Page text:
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Manchester theatre reviews

Home, I’m Darling by Laura Wade

at The Octagon, Bolton

Reviewed by John Waterhouse, September 2021

Home, I'm DarlingBolton Octagon is back in full swing with ‘Home, I’m Darling’ being their second major show since the effective end of lock-down. Following on from the last production of ‘Sherlock Holmes’, a welcome trend seems to be emerging with plays being selected first and foremost for their entertainment value.


That is not to say that ‘Home, I’m Darling’ is not a thought provoking work and the play certainly takes a sideways look at some very topical issues. Above all, this play starts with a very original premise; what if Judy and Johnny, a modern day couple, decide, as far as is practically possible, to live a 1950’s world? This means dressing 1950’s, cooking 1950’s, having a house full of 1950’s furniture and décor and, perhaps more importantly as any of these, adopting a 1950’s mind-set.


The attention to 1950’s detail was quite exceptional, right down to the patterned lino floors and cereal tins and this was mirrored through with the costumes. So much so that the play appeared to be a period piece until the sudden appearance of a laptop. The reasons for this was that even the most hardened 50’s aficionados need to use some  modern conveniences like the internet to connect with other like-minded, hard–core retro fanatics. The real problems came from getting so much so much into a 50s mind - that it became difficulty coming to terms with the unavoidable modern world in which, for example women do often as not go to work and company bosses can be both female and black!


The set-up of the play provided both a great vehicle for comedy as well an interesting way of looking at the modern world. It also amply demonstrated how often people who desire to have lived in a previous era somehow block out the less pleasant aspects of those times. The 50’s couple in this play lived in a well-heated house and were not subject to rationing. Another well observed factor was that the couple had become so dedicated in their commitment to 50’s (or at least what they believed was the 50’s) that they came in danger of forgetting who they both were as people.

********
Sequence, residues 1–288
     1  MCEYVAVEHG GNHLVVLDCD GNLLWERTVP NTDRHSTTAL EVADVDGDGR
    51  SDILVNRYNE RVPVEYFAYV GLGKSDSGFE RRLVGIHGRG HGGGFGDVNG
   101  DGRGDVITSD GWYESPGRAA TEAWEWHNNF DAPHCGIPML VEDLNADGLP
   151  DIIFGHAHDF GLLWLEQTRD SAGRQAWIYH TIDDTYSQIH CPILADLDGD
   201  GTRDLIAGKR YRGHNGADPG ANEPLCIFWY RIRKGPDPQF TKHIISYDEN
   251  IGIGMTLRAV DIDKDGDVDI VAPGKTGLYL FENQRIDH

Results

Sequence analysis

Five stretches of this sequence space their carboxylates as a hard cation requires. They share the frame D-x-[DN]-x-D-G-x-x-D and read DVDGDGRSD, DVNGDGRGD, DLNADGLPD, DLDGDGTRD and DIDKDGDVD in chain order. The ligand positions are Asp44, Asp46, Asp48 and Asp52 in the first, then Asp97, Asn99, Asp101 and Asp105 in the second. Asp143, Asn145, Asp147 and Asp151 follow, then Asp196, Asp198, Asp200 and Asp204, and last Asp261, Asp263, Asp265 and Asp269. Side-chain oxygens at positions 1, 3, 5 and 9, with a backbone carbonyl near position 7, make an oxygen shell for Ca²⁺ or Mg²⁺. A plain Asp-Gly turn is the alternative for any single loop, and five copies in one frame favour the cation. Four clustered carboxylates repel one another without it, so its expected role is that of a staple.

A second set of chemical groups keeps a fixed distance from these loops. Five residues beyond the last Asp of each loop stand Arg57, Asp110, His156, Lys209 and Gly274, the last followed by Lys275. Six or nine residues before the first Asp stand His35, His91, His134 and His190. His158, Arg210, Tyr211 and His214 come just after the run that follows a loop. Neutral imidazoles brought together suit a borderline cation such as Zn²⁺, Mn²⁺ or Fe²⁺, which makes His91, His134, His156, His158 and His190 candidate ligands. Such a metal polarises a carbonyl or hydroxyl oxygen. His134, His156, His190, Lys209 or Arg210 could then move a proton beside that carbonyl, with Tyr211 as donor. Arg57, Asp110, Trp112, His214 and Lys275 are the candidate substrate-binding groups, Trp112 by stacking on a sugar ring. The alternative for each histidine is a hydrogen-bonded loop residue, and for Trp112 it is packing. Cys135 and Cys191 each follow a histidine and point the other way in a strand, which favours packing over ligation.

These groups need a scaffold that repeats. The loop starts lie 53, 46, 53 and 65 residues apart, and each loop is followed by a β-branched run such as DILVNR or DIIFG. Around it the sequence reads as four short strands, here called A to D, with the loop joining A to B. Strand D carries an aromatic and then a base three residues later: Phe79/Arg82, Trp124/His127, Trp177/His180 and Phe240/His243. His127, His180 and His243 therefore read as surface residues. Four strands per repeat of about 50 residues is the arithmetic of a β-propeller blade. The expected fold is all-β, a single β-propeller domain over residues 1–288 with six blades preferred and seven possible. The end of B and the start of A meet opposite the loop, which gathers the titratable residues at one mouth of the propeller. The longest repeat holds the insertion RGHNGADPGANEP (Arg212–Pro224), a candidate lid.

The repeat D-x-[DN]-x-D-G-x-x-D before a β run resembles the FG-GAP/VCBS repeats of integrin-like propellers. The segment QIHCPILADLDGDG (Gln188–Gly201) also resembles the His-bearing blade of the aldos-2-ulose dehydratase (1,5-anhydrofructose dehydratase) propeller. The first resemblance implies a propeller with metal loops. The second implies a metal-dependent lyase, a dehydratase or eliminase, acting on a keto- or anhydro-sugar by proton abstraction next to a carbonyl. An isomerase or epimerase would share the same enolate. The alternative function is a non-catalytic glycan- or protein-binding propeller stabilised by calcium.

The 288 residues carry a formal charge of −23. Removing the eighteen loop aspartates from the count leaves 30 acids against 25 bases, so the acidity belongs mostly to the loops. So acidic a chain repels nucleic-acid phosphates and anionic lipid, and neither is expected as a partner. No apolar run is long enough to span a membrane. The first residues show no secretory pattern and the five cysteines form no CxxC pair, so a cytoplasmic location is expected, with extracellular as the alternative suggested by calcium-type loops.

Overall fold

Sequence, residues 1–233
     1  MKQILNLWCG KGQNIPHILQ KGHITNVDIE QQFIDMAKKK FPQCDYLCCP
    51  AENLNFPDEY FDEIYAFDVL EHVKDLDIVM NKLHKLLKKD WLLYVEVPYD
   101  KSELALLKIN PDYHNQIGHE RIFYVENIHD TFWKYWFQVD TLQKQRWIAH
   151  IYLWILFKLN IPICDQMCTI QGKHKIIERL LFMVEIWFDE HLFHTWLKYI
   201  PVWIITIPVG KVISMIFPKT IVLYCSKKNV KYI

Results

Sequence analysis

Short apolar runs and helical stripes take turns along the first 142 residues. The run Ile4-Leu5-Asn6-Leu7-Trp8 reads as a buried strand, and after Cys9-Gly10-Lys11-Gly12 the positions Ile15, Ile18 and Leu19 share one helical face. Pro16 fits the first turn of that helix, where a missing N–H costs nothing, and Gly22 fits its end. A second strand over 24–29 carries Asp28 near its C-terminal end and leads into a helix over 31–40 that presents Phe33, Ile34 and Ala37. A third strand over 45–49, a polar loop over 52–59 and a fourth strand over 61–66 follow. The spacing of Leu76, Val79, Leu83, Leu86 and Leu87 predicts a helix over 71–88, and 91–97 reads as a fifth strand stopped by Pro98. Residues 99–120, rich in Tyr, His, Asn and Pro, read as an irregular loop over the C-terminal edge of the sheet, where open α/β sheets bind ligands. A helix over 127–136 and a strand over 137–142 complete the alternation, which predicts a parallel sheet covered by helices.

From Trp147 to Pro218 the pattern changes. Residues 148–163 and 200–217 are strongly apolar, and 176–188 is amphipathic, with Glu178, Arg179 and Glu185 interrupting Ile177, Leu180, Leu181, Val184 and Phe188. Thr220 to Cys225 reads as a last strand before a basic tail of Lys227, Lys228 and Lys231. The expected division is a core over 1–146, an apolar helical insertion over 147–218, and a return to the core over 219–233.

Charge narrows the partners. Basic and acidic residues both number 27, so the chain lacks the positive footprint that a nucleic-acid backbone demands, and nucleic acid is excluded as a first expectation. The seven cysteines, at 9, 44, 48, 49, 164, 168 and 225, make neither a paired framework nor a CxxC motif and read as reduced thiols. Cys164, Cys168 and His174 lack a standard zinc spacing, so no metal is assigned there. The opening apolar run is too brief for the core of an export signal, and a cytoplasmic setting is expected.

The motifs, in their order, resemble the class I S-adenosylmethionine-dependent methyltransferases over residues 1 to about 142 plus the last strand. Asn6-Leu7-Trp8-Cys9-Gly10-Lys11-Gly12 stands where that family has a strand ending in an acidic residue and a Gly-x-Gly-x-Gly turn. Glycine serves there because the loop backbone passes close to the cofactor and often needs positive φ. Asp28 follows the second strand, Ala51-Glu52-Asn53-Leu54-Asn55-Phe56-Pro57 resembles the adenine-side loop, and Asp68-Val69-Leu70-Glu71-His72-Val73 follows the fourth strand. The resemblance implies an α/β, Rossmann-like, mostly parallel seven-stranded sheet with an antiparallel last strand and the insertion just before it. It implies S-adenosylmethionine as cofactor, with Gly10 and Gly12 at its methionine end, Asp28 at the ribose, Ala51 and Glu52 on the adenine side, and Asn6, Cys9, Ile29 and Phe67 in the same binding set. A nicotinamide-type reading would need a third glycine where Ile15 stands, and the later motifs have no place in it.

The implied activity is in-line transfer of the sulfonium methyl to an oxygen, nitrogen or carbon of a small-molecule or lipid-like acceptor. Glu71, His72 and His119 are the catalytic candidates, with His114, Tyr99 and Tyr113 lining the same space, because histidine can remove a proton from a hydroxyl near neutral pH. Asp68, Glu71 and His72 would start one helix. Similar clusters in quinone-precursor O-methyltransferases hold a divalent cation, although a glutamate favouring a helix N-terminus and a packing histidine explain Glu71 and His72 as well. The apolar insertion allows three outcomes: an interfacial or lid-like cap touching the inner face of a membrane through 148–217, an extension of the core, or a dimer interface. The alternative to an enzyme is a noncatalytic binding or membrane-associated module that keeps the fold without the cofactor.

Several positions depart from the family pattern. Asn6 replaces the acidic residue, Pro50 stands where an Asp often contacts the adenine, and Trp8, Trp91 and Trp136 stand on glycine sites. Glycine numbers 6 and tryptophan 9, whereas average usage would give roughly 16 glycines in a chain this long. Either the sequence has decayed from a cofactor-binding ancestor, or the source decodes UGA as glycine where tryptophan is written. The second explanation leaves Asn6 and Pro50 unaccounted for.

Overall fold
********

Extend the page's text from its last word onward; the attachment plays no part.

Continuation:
With the various complications detailed above, there was the possibility for the play to have descended into farce but Laura Wade in writing this piece never lost sight of the seriousness behind both the unrealistic aspirations and the misconceptions of Judy and Johnny so that comedy and drama were maintained in more or less equal measure throughout. This was also no feminist rant because Marcus and Fran, another ‘50’s’ couple, had their own issues with Marcus lamenting that even to compliment a woman can now be viewed as a passive-aggressive means of control.


Director Liz Stevenson had wisely chosen to stage this play in the round so that the audience was taken right into this 1950’s time capsule. The tight script was well delivered by all six actors with the pace never slacking. Sandy Foster as Judy was almost constantly on stage, as she grappled with maintaining a friendship with a 50s couple (played by Sam Jenkins-Shaw and Vicky Binns) and having a 50’s husband (played by Tom Kanji) whilst being reminded by her mother Sylvia (played by Susan Twist) of what the 50’s were really like and getting a strong taste from Alex, her husband’s boss (played by Sophie Mercell) of how the modern world actually operates.


‘Home, I’m Darling’ is a witty and entertaining play which raises interesting questions about how life has changed over the last century whilst exploring the dangers of escapism and longing for the past

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